I certainly find that putting a black towel over my head helps a lot regardless of what stage my eyes are at! Although a towel is annoying as it does not stay put. I must design a more appropriate garment!

I am sure that if I made more effort with dark adaptation I could go deeper still..

Mark

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I certainly find that as my session progresses I get to see fainter and fainter stars.

My experience is that I get to about 0.5 magnitude above the most possible from my site in about 30 minutes and then as the remainder of the time before the optics dew up passes I get slowly towards the limit possible.

I certainly find that putting a black towel over my head helps a lot regardless of what stage my eyes are at! Although a towel is annoying as it does not stay put. I must design a more appropriate garment!

I am sure that if I made more effort with dark adaptation I could go deeper still..

Mark

Imagine if a neighbor saw somebody in the yard with a towell over their head sitting in the darkness.  I think it would be cause to call the police in my neighborhood. 

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Imagine if a neighbor saw somebody in the yard with a towell over their head sitting in the darkness.  I think it would be cause to call the police in my neighborhood. 

I've spoken to the police a few times while out observing. They're normally pretty interested once they know what you're up to.

Returning to the topic, I have found that if left long enough, you really can start to see things by starlight. It was a bit of a shock the first time, looking up from the scope and suddenly everything around me being brighter.

Even looking at bright stars through the scope seems able to destroy that adaption, though.

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What I guess I'm still not entirely clear on is how a relatively bright suburban sky impacts dark adaptation.

Does it limit the adaptation that can be achieved in any significant way? A couple of people above are talking as though it does.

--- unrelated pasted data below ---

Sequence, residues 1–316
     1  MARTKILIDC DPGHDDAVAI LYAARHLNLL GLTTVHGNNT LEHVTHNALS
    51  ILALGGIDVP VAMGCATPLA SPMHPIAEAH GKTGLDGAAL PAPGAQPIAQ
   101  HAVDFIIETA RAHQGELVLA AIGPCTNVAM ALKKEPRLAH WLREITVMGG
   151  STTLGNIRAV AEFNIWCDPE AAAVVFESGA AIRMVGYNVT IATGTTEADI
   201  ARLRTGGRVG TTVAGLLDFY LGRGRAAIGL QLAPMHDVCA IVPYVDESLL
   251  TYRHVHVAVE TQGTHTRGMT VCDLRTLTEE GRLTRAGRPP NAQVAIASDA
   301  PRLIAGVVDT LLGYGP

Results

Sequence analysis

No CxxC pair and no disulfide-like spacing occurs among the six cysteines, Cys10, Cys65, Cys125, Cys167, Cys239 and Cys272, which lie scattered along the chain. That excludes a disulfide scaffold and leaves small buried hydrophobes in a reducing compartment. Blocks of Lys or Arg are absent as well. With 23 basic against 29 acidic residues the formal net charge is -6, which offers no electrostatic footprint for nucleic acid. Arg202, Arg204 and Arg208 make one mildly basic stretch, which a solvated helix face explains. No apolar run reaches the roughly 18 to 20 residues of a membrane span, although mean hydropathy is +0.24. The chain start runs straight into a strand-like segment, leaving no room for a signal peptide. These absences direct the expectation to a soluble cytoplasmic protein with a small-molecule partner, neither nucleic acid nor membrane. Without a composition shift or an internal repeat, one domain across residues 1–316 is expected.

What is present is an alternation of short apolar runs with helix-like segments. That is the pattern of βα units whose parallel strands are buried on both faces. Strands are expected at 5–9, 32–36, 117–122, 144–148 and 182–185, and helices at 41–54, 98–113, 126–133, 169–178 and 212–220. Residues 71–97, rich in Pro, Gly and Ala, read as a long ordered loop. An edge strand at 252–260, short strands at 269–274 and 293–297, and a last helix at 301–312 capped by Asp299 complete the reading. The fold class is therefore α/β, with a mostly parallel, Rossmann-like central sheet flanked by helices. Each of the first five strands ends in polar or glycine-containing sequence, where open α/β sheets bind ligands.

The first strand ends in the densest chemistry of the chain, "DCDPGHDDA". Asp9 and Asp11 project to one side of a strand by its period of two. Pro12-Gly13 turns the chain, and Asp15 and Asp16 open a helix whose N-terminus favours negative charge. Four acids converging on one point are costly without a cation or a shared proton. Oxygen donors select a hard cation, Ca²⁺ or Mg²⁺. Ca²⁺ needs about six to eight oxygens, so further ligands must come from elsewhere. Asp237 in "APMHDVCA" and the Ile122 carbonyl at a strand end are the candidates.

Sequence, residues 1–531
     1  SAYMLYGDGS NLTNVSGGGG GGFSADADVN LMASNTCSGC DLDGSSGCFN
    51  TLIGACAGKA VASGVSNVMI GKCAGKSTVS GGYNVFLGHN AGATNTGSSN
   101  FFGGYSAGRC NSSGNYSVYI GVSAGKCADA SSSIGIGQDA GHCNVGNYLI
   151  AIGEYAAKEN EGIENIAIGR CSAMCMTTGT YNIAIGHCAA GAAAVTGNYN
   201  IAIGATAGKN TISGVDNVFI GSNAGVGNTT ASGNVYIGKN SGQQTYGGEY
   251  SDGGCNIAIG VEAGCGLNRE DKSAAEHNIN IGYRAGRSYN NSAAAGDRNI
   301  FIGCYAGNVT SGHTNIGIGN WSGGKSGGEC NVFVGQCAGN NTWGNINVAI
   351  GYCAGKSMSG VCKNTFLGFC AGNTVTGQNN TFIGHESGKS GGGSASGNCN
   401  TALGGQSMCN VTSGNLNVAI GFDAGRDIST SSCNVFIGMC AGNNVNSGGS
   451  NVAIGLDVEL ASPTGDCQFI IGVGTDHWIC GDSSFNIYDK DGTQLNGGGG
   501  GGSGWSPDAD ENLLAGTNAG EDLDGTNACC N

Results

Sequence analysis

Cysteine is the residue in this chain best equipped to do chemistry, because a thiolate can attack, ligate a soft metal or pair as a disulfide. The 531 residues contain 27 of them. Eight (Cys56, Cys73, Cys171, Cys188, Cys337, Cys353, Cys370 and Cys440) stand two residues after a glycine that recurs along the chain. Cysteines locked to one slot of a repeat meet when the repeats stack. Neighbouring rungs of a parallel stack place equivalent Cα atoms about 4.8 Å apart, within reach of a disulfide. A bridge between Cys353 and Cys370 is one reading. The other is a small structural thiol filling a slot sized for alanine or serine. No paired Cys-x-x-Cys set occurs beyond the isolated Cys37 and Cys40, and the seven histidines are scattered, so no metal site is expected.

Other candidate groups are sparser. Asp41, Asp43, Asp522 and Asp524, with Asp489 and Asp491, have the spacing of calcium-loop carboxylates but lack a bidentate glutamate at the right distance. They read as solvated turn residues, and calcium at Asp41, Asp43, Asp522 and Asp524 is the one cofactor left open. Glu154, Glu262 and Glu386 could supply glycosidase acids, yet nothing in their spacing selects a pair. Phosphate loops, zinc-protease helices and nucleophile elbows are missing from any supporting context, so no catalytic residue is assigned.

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To echo Laser Jock, whose SQM seems to be similar to mine, the great surprise when fully adapted is that a dark site isn't all that dark. I have no need of a red torch to walk around when I'm really adapted. When I'm not I do need the torch. This is a rare treat for me because I'm gawping at screens far to much!!

Olly

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I guess a better question to ask is whether anyone knows how sky brightness relates to the level of dark adaptation, assuming direct light pollution is blocked.

I think that breaks down into: a) how sky brightness relates to the proportion of rhodopsin bleaching and B) how that bleaching relates to contrast sensitivity. 

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Living next to a carpark I can't ever get adapted much. When I have been out at star parties it is amazing how much you can see around under DARK skies.

Cheers

Peter

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I've spoken to the police a few times while out observing. They're normally pretty interested once they know what you're up to.

Returning to the topic, I have found that if left long enough, you really can start to see things by starlight. It was a bit of a shock the first time, looking up from the scope and suddenly everything around me being brighter.

Even looking at bright stars through the scope seems able to destroy that adaption, though.

Yep I have experienced this to in which the actual starlight can become almost a little glaring to your night vision sensitive eyes.  When I feel that I have become fully dark adapted, the distant light dome over Tyneside, alters from  being a dim glow of slight distraction to becoming a feature that is noticeably brighter, to the extent of maybe having a marginal impact on my otherwise full dark adaption. This however is from a fairly lofty observing spot that I occasionally use, which is still a good distance from the City.

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What I guess I'm still not entirely clear on is how a relatively bright suburban sky impacts dark adaptation.

Does it limit the adaptation that can be achieved in any significant way? A couple of people above are talking as though it does.